“I am deeply honored and humbled by the opportunity to serve as the next dean of Harvard Law School,” said Minow.  “I am grateful to Drew Faust for inviting me to assume this vital role, and I will do my best to enhance and build upon the extraordinary leadership of past deans Elena Kagan and Robert Clark, and the wise and thoughtful stewardship of Acting Dean Howell Jackson.  In this time of both challenge and promise for this country and for the world, Harvard Law School faculty, students, staff, and graduates are already playing pivotal roles in the search for financial stability, national security, peaceful international relations, and legal order.  I am eager to help the remarkable community of people at the Harvard Law School, in concert with colleagues across Harvard and beyond, continue to pursue the promise of the rule of law, the ideal of justice, the practical solution of problems, and ever deeper understandings of legal institutions and commitments.”

Minow’s appointment comes in light of the March confirmation of Elena Kagan, the Charles Hamilton Houston Professor of Law, to serve as Solicitor General of the United States after nearly six years in the deanship.  Howell Jackson, the James S. Reid, Jr., Professor of Law, has served as the school’s acting dean in recent months.

“Howell Jackson has done an extraordinary job these past few months guiding the school with great professionalism and dedication,” said Faust.  “I am very grateful to him for having been willing to lead the school on an interim basis through a challenging transitional time.  And, once again, I want to recognize and thank Elena Kagan for a deanship that had a transformative positive impact on Harvard Law School.”

In addition to many articles in legal and other journals, Minow’s publications include the books Partners, Not Rivals: Privatization and the Public Good (2002), Breaking the Cycles of Hatred: Memory, Law, and Repair (2002), Between Vengeance and Forgiveness: Facing History After Genocide and Mass Violence (1998), Not Only for Myself: Identity, Politics, and the Law (1997), and Making All the Difference: Inclusion, Exclusion, and American Law (1990).  She is co-editor of casebooks on civil procedure, women and the law, and family law, as well as volumes including Government by Contract: Outsourcing and American Democracy (2009, with Jody Freeman), Just Schools: Pursuing Equality in Societies of Difference (2008, with Richard Shweder and Hazel Rose Markus), Engaging Cultural Differences: The Multicultural Challenge in Liberal Democracies (2002, with Shweder and Markus), and Law Stories: Law, Meaning, and Violence (1996, with Gary Bellow).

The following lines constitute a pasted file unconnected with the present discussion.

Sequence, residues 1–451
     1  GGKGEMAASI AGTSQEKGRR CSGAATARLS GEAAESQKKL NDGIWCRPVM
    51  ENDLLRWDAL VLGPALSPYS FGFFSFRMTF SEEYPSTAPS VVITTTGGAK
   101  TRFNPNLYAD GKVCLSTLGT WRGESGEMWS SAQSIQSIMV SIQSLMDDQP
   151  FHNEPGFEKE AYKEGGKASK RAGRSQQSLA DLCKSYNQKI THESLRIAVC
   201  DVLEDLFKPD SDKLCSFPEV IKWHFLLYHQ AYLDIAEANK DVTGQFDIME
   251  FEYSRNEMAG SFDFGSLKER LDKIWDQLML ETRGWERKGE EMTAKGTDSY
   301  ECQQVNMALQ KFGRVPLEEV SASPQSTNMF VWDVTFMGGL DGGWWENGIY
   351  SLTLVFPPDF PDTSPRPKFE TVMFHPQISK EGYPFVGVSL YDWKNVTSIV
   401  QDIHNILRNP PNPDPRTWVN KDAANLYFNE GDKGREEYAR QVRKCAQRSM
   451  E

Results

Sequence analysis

Minow co-chaired the Law School’s curricular reform committee from 2003 to 2006, an effort that led to significant innovation in the first-year curriculum as well as new programs of study for second- and third-year J.D. students.  She has taught courses on a wide range of subjects including civil procedure, constitutional law (with a focus on the First Amendment, the structure of government, and the Fourteenth Amendment), nonprofit organizations, family law, law and education, jurisprudence, and the legal profession.  She is a senior fellow of the Harvard Society of Fellows as well as a past member of the Harvard University Press Board of Syndics.  She twice served as acting director of what is now Harvard’s Safra Foundation Center for Ethics (1993-94 and 2000-01), where she remains a member of the governing faculty committee, and she co-chaired Harvard’s Project on Justice, Welfare, and Economics (2001-03), where she also continues to serve on the faculty committee.

A member of the Independent International Commission on Kosovo, she played a leading role in the United Nations High Commissioner for Refugees’ “Imagine Coexistence” project, aimed at promoting peaceful coexistence after violent ethnic conflict.  In addition, she has codirected a multidisciplinary study of U.S. responses to recent immigrants, as well as a federally sponsored center supporting access to the general curriculum for public-school children with disabilities.  She chairs the board of the Charles H. Revson Foundation, and has also served on the boards of the Bazelon Center for Mental Health Law, the Covenant Foundation, Facing History and Ourselves, and the Iranian Human Rights Documentation Center.